The Eixample district


In the mid 19th century the arrival of the Industrial Revolution, Barcelona's population grew dramatically and its super populated center "the Old City quarter" or Ciutat Vella was confined withing the old Roman colonies and medieval walls. It certainly didn’t have the best sanitary living conditions, and people suffered greatly and it affected the life expectancy of residents due also to its cramming conditions  into narrow spaces, obstructing light from entering residences, constricting proper air circulation and creating horse-cart traffic problems. So There was a demand for the demolition of the walls and a reconstruction of their entire city.

In 1855, the City Hall called out for a public competition requested from the Spanish Government Of Madrid, in order to solve the city’s need for growth. Ildefons Cerdà, a civil engineer, won the project for the Eixample (Catalan word for expansion), a huge undertaking that would construct and change positively a new face of  Barcelona. in 1859 the controversial development plan was approved by the town council

Cerdà envisioned a city with a high regard for the people’s need for leisure, health and social relationships. Taking into consideration traffic (even before the introduction of cars and steamed engines), sunlight, air circulation, hospitals, parks, plazas and the wellbeing of pedestrians and artisanal street workers.  Both the rich and the poor lived in modern buildings that formed square or octagonal blocks (known as Manzanas). Thus, he designed a grid-like pattern that would fill the area between the city walls and the surrounding towns.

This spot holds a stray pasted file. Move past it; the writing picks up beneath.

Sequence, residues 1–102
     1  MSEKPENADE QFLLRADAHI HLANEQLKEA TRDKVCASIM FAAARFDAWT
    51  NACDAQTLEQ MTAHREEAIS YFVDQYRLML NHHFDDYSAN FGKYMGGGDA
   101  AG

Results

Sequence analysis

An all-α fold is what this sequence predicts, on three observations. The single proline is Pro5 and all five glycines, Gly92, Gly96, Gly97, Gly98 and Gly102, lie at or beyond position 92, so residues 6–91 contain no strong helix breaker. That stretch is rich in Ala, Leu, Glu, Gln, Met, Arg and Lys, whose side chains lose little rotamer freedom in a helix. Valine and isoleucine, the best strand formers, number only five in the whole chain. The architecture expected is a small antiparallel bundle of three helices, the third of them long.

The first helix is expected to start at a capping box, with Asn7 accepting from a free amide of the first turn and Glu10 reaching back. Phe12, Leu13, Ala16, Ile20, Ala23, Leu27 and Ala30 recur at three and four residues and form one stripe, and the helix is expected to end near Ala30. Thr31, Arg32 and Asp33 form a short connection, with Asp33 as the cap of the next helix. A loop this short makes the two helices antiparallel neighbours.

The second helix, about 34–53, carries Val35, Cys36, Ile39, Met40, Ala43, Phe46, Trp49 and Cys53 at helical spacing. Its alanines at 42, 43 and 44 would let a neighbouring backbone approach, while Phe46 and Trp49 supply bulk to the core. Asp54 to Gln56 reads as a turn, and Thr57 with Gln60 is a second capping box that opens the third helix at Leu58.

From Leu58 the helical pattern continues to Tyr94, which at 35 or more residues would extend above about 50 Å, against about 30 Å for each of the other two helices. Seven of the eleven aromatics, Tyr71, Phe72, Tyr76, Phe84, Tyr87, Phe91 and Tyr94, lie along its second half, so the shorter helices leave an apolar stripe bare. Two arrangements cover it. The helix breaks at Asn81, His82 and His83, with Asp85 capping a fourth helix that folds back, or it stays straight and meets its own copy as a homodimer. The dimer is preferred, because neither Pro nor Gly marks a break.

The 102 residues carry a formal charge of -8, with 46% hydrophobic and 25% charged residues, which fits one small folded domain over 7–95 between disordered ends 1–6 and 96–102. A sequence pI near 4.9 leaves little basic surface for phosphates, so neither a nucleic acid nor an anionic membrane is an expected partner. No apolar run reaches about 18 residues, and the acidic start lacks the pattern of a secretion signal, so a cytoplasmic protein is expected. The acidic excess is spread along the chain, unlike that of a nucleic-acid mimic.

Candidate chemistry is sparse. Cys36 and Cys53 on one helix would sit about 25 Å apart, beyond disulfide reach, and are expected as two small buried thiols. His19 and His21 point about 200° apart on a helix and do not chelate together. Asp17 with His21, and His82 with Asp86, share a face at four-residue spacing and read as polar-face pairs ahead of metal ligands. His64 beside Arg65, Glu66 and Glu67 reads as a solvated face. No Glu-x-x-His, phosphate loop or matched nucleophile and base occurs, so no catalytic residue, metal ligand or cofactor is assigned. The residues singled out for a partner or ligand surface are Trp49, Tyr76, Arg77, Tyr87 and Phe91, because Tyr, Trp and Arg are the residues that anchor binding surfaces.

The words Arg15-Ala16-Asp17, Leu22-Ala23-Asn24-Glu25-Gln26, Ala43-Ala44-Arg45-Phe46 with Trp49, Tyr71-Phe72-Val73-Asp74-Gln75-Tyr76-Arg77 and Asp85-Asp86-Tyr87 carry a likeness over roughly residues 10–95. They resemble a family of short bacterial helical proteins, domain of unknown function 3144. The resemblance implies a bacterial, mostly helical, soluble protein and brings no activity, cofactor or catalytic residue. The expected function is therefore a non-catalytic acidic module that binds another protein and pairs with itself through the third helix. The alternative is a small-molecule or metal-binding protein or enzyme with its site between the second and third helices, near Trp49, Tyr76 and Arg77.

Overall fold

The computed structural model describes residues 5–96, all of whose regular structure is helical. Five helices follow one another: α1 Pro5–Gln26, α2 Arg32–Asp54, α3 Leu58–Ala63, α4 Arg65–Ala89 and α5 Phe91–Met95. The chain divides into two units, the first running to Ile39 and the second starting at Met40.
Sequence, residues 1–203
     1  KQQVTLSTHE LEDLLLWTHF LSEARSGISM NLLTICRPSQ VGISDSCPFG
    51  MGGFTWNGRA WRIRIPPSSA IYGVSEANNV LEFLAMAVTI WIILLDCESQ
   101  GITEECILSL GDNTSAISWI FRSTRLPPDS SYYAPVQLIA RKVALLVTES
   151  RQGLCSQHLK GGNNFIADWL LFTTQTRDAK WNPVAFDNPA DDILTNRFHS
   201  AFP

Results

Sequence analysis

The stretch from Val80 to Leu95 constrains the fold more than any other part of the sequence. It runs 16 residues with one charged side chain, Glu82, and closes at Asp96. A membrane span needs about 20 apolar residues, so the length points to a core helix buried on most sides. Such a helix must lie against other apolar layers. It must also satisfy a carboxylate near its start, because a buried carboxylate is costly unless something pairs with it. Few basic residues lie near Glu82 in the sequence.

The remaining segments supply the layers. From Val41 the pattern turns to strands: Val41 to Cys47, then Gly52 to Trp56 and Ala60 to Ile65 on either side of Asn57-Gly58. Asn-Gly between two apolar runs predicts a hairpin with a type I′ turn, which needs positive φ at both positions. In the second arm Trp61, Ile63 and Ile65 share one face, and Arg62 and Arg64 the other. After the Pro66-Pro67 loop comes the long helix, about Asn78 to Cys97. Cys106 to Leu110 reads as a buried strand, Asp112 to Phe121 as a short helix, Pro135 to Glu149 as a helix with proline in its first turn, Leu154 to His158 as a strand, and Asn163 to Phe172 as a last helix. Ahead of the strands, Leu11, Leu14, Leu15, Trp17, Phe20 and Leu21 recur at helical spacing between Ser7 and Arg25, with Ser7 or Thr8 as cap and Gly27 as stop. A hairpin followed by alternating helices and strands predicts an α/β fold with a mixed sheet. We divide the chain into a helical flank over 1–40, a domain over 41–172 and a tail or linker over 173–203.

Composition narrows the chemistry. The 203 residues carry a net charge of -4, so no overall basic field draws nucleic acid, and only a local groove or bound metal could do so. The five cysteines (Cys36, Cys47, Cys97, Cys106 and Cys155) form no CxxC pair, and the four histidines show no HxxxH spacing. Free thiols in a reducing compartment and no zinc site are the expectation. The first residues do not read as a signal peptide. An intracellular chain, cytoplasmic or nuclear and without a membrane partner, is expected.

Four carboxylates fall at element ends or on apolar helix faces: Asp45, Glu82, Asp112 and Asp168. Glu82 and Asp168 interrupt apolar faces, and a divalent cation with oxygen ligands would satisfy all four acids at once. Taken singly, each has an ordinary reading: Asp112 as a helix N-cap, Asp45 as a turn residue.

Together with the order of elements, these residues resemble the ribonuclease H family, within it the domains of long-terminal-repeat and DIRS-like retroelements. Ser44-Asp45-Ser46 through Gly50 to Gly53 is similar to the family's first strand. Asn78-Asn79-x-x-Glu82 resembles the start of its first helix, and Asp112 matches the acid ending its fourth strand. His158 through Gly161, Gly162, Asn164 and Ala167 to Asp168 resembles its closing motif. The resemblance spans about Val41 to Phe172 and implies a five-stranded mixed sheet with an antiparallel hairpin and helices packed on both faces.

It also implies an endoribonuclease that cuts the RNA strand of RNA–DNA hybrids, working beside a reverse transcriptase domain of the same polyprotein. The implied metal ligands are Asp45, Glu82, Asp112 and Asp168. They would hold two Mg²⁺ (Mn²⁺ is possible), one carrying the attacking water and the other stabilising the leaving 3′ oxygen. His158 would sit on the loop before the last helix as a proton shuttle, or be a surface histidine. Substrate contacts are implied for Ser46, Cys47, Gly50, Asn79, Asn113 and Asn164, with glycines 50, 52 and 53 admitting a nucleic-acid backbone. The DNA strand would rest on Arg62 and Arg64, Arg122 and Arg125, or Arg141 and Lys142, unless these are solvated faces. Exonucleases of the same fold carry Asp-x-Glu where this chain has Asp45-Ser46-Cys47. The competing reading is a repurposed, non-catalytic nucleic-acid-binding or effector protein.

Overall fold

Cerdà had the floor plans of American cities as a model. Cerdà saw the streets with wide and generously extended crossings, to highlight the crossings were blocks to the chamfered corners.
The blocks are all square and have a big yard, as you see them today.

The district is officially divided into six different neighborhoods, but generally cut into two main divisions by the Passeig de Gràcia: Esquerra de l'Eixample (left side of Eixample) and Dreta de l'Eixample (right side of Eixample). The right side starts in Plaça de Catalunya and links the old medieval Barcelona with the new city built around the Passeig de Gràcia.

The latter is the center of the Eixample known for its “Quadrat d’Or” or golden square describing the elegance of this area, which protects more than 150 historically preserved buildings and is the symbol of utmost elegance in the area.

Two of the most famous monuments of Barcelona's most famous citizen Antoní Gaudí can be done at Passeig de Gracia admire the Casa Millà and the Casa Balló. Farther east, the Sagrada Familia cathedral.

The Eixample houses many museums of diverse contents, amongst the most famous are Museu del Modernisme, Museu de la Musica, Fundacio Antoni Tapies (famous for its striking barbed wire exterior) and the Museo Egipci de Barcelona. Make sure to include at least the ones listed here in your next Barcelona city day tour.

The Eixample district is also known for a wide array of world-cuisine restaurants, as well as a selection of bars and nightlife venues and is one of the most comfortable areas to stay in Barcelona. Mainly because there’s always a restaurant, shop, supermarket or bar at walking distance from exsculsive ones to more affordable places.

An unofficial neighborhood of the district for the past 20 years, called the Gaixample, is a zone that attracts gay tourism with LGBTQIA+ bars, nightclubs, shops and hotels.

Passeig de Gràcia, Plaça Catalunya and Diagonal Avenue have the most exclusive stylish boutiques in Barcelona  Valentino, Hermes, Louis Vuitton, Loewe, Armani, MaxMara to name fews and many other less expensive chains like Cos, Zara, Uniqlo, Mango, or smaller  independent shops.  


Eixample neighbourhoods

La Esquerra de l’Eixample ( Exiamle left side )

above Gran Via del les Cortes Catalanes


above Plaça Universitat